Saturday, 30 June 2018

Caterpillar crazy


Caterpillar breeding has reached unprecedented levels of care and volume here, and in the various foster-families who are kindly rearing infants from eggs laid by moths which visited my trap earlier in the year. After four seasons of Emperor Moth breeding, which I much enjoyed, I managed to find homes for all the brood hatched this Summer, and they are causing much interest and excitement. 


The plump ones in my first two pictures, shown with their foster-Mum's finger for a handy size comparison, are the subject of much youthful inquiry, both at home and in the local primary school. The family reported earlier this week: 

The caterpillars have been fine and are enormous! They are scoffing piles of hawthorn and seem equally happy with brambles. They had a trip out on Tuesday to see the class I am volunteering with. By a stroke of luck they were doing insect life cycles and they were really interested. Some good questions came up, such as: do the different thicknesses of stripe denote male and female? And: why don’t they get prickled on the thorns because they have soft bodies? Do they shed their skins as well? I thought I had killed them the day after you left when there was this shrivelled skin but there were still six alive and well so I imagine that’s what it was.

Excellent questions and ones to which I am not certain of the answer, apart from the skin-shedding which is another fascinating fact for children. Imagine if we burst out of our skins every so often, emerging in brand-new shiny and sometimes differently-coloured shape (as with the Emperor larvae which start off black and end up green). If anyone reading this can help, my friends and the school would be delighted. Meanwhile, a further bulletin arrived last night:

It’s all been happening today! First thing I thought one of them was poorly as it seemed to have a bit of an upset tummy. So I isolated it with just hawthorn, in case it had overdone it on the brambles. Now it looks perkier and seems to have sorted itself out digestive-wise. Plus! A different one seems to be pupating! I put some dry grass and leaves in and moved them all to a larger container and one has fine webby stuff round it as though it is the beginnings of a cocoon. I assume that I clean the rest out as normal but leave that corner alone. I am probably more excited than I ought to be and was quite upset this morning. I do hope this isn’t addictive...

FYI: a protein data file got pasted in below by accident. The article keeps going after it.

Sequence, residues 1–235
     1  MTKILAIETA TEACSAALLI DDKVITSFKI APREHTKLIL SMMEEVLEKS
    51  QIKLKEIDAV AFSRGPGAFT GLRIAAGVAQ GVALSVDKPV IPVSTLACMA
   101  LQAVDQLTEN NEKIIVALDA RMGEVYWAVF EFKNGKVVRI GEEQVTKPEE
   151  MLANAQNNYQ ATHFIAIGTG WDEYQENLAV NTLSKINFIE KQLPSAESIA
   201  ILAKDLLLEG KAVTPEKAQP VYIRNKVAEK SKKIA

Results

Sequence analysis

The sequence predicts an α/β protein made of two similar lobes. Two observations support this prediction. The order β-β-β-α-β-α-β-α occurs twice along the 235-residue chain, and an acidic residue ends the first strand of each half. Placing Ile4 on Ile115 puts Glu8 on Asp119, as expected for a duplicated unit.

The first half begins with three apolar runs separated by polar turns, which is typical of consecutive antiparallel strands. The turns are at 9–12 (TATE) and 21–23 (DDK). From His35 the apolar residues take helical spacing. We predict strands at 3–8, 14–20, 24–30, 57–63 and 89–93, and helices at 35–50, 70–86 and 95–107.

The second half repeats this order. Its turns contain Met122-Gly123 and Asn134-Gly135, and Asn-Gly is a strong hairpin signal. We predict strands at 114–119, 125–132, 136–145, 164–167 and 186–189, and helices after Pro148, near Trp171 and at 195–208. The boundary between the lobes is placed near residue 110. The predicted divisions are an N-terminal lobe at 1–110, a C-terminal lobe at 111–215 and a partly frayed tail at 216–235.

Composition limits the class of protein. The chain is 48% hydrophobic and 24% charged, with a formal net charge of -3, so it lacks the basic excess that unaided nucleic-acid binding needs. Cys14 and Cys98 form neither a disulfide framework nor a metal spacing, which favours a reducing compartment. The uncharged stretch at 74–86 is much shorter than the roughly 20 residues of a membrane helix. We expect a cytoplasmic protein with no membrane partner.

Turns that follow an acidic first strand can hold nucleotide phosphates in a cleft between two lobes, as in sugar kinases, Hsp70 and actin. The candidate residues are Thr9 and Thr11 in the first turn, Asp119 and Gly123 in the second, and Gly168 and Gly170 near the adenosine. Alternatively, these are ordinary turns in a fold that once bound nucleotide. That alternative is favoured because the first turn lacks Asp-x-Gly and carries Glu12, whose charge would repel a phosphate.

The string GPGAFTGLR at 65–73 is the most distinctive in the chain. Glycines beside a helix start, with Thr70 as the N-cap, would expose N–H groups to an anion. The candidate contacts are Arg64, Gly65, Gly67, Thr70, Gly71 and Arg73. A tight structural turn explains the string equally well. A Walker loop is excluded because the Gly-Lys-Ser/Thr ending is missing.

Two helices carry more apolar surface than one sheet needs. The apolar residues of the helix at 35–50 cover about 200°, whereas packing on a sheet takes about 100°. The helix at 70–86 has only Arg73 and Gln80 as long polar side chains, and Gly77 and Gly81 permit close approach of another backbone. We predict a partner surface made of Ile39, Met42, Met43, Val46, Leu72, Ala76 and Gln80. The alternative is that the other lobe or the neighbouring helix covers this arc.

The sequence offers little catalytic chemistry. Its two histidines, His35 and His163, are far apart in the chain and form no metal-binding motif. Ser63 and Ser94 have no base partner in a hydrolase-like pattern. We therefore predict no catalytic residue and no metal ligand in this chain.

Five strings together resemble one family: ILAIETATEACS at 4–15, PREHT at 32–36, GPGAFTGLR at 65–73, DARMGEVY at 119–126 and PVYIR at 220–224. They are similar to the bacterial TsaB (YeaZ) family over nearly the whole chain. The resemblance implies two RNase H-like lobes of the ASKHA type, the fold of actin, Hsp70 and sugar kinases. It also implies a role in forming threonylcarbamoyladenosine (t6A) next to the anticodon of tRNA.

I am afraid that it is. Meanwhile, the grandchildren's White Ermines have been astonishing their keepers by the enormous amounts of dandelion they are eating and by the results at the other end - if not having breakfast, see picture above. They have looked after them so successfully that over 50 are thriving and we have re-adopted two-thirds of them to help out. You probably thought like me that the dandelion was a common plant, too common indeed. But they are getting scarce in part of Walthamstow. See why, below:


Finally, the Bedford family in Oxford, who have another branch of the Emperor family, are kindly offering me eggs of an Eyed Hawk which was found mating with its partner by a colleague of Tom B. I'm hoping to sort out a pick-up this weekend; and so the saga will go on. It brings back memories of my own excitement when my brother and I bred Elephant Hawks successfully as children (and had the same heart-stopping moment when I first saw their shed, shrivelled skins). And if any of this year's keepers can be present when the moths eventually emerge from their pupae, that is an unforgettable sight. Partly for its strangeness and beauty and partly, as my granddaughter observes with great emphasis after seeing a hatch at the Natural History Museum in Kensington: "Grandpa, do you know? The FIRST thing it did was a huge WEE!"


Back in the garden, I have lit the trap for the first time since we got home from holiday. Showing signs of my age, I went outside an hour or so later when the grandchildren and their Mum and Dad arrived for the weekend, and was startled by the fact that our climbing roses seemed to be glowing. I actually got as far as getting the iPad and taking a photo before realising that the eerie and rather lovely effect was caused by my sighting of the trap right behind the wall. There it is, above.


There were some nice moths inside, including the Swallowtail above - in good condition for a large and fragile moth which often gets a battering and tattering early in its short life, judging by the condition of many of those which come to my light.  Below we have a Buff Ermine and a handsome example of the darkest version of that very variable moth, the Common Rustic.


Finally, another favourite: the small (observe my ubiquitous thumb comparator) but very attractive micro Anania coronata.

2 comments:

AlexW said...

Caterpillars typically don't show sexually dimorphic colors or structures. Stripes may possibly be influenced by health and environmental conditions; even though I am not familiar with your UK entofauna, it seems safe to assume that both sexes are externally indistinguishable

As for the thorns, I presume that the animals simply walk around them. From your pics, it appears that the plant has large and widely-spaced thorns designed mostly for vertebrate deterrence.

side note: I have also seen cats, aphids, an small heteropteran bugs happily bumbling about on plants w sticky gnatkilling trichomes (petunia?) or dense microthorns (tomato). Interestingly, the long stilty legs of the aphid and hetero seem to help them lift their bodies over the spiny parts.

You may wish to browse Google Scholar for detailed discussion of such herbivore-plant arms races

Cheers

Martin Wainwright said...

Thanks very much Alex - that's all most helpful and I'll pass it straight on

all warm wishes

Martin